How to Avoid Passing Your Anxiety Onto Your Kids

Apr 10, 2024 | Adult Toolbox, Counselor's Corner, Newsletters

By Emily Henning, LSWAIC
BYS Therapist

Many of us are anxious prior to parenthood. For those who aren’t, the experience of bringing tiny humans into the world and shaping them into full-blown, independent individuals will often tip the scale in that direction. Indeed, frayed nerves are a universal experience amongst parents. So, how do we avoid passing our own anxiety onto our children? The answer is simple, though admittedly easier said than done: we take care of ourselves. 

Window of Tolerance

Each of us has a “window of tolerance,”  a zone where emotional arousal (our feelings, responses, and reactivity) can be felt and processed in a healthy way, allowing us to function and deal with stress or anxiety effectively. Ideally, we’d operate from this space at all times.  Unfortunately life, with its flat tires, hangry kiddos, traffic, and unexpected bills, is constantly working overtime to push us outside that zone. We must intentionally engage in the work of returning to the window of tolerance so that we can engage with our children from a place of health and wellbeing.

Relationship with Ourselves

This work begins by strengthening our relationship with our own selves, and growing our awareness of our varied emotional states. Mindfulness is key. Consistent check-ins with ourselves to assess our emotional states (without judgment, mind you), will go a long way in helping us anticipate when we might be skirting the edges of our window of tolerance. It can be helpful to track our emotions, too, to gain a better understanding of what situations or experiences may prove to be more personally triggering. Perhaps a certain time of day finds you more anxious, or a specific scenario. This is valuable information to have as we can use it to know how to best care for ourselves in advance.

Mitigate Effects of Anxiety

We can also mitigate some of the effects of anxiety in several basic ways. (This isn’t rocket science, but incredibly powerful all the same). 

  • Sleep

Sleep is vital to wellbeing and strengthening our emotional heartiness. We prioritize rest. 

  • Health

Similarly, healthy nutrition and adequate water intake, as well as exercise, can go a long way in reducing anxiety. Please do not mistake these suggestions as an expectation to spend ten hours a week in the gym and follow some extremely restrictive diet, though those things can be good and well for some. We’re talking about a twenty minute walk here and there. Grabbing a snack to keep ourselves fueled, when maybe we’d go without, so our blood sugar doesn’t plummet.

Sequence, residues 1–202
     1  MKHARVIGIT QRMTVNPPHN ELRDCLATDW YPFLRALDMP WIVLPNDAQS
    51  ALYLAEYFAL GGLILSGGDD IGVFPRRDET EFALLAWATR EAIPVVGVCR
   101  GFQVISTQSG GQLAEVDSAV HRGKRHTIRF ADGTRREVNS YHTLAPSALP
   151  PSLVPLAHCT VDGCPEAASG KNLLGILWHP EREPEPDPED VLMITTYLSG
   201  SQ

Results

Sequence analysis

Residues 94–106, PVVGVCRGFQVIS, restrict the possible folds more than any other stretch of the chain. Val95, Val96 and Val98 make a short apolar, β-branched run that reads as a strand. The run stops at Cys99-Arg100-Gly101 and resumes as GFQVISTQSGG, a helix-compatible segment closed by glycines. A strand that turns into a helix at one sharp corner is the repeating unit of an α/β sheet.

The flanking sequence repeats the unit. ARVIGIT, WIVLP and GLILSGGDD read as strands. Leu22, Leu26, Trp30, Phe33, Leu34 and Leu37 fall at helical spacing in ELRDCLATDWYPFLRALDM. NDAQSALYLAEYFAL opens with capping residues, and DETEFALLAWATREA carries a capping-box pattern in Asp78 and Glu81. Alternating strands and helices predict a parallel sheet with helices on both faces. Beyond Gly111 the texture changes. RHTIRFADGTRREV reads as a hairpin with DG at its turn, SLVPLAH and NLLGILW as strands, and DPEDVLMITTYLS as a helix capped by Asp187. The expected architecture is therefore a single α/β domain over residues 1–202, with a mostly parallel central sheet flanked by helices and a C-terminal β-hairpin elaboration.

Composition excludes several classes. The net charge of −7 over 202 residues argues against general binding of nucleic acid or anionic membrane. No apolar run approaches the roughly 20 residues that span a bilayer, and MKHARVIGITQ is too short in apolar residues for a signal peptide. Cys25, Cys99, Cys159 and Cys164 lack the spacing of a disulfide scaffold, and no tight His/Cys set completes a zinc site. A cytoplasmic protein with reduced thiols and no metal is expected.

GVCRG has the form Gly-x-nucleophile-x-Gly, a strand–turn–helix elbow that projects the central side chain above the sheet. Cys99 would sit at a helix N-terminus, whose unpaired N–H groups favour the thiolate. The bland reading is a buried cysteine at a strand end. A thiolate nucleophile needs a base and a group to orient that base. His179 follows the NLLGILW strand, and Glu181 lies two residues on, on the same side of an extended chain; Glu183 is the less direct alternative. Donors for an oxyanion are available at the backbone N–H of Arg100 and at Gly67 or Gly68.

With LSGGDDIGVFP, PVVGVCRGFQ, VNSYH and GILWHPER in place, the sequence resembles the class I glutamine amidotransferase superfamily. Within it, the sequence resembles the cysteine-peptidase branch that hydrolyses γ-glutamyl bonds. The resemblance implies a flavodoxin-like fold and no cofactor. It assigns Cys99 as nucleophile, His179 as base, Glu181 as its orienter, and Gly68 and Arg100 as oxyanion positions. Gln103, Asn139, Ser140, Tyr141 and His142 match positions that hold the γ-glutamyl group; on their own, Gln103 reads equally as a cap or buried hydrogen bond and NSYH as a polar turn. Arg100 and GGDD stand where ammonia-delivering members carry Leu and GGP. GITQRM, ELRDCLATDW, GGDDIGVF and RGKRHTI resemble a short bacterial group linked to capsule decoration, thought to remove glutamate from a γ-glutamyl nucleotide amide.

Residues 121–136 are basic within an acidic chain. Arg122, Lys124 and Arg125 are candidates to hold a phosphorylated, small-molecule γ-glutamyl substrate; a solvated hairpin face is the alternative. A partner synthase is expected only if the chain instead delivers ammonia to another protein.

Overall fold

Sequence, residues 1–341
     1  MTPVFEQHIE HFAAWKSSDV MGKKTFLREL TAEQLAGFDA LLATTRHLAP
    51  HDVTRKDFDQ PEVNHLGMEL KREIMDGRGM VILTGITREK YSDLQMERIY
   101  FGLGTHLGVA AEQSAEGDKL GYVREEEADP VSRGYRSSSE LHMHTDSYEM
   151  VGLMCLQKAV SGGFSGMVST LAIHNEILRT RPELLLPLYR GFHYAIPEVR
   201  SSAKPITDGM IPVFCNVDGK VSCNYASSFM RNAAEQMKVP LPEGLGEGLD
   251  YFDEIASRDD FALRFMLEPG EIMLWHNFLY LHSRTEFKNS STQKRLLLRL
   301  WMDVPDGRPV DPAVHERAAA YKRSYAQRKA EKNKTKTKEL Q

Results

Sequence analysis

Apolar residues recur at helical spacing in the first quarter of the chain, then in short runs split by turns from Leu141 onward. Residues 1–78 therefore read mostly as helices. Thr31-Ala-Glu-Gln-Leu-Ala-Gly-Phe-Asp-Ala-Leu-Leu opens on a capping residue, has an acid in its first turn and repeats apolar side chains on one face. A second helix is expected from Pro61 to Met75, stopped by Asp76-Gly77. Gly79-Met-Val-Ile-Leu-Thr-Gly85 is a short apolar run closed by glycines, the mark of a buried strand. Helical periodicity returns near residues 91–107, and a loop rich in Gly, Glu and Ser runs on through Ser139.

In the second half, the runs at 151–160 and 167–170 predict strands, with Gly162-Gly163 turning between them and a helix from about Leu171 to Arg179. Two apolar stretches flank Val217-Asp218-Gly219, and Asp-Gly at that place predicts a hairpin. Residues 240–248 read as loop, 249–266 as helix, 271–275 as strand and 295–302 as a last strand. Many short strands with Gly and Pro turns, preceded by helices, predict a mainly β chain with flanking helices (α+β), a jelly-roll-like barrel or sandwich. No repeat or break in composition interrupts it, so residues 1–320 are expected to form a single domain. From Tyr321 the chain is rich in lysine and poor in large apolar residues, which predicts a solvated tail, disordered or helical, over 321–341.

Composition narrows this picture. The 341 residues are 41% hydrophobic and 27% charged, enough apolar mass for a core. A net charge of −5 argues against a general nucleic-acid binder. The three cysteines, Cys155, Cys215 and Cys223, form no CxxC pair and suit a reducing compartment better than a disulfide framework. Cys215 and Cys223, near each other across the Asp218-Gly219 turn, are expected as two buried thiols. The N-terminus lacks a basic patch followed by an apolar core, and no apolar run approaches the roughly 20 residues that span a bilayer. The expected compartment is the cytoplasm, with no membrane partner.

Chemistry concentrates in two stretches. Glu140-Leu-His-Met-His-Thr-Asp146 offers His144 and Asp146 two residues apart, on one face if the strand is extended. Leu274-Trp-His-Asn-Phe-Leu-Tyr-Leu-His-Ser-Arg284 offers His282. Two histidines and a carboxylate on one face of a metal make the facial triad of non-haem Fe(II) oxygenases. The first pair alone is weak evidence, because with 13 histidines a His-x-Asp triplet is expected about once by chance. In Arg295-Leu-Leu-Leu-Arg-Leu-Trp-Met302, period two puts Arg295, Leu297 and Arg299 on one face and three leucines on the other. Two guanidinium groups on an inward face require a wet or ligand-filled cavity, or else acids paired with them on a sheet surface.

We can take incredibly small steps when learning to care for ourselves, and those small steps will take us far.

Honesty regarding Anxiety

When wondering how to not pass our anxiety onto our kids, it is also important to note that perhaps, despite our best intentions, we still will. As parents we model what life as a person on this planet looks like. Our children look to us to learn what it means to be. It is unavoidable that our characteristics will be handed down, for better or worse. Unfortunately, our tendency to skew a bit anxious may be passed down, but in that same vein, there’s also an opportunity for us to pass down the necessary skills to deal with it in healthy, effective ways. 

Way Forward

As parents, we naturally want the best for our kids. We feel an instinctive need to protect them. Anxiety isn’t a pleasurable experience. Of course we wouldn’t want that to be a part of our children’s experience. But, whether it’s an isolated experience or a more chronic struggle, anxiety is a universal feeling state. If we focus too much on preventing or blocking certain feeling experiences, we rob our kids of the opportunity to grow their own emotional heartiness, to gain the skills required to take care of themselves. 

One day, they will be their own grown adult selves with bills to pay and deadlines at work and a variety of anxiety-inducing stressors. In caring for ourselves now, doing the work of intentionally returning again and again to our window of tolerance, we can model for them what it looks like to tackle anxiety head on in a positive way. As parents, it is not our duty to prevent unpleasant experiences, but to teach our children how to overcome.

ABOUT EMILY HENNING. Emily joined BYS in January of 2023 as part of her practicum for her Master’s program at Boise State University. She loves working with teens and young adults and believes that counseling can be a sacred time to hold space, process emotions, and tend to one’s inner self.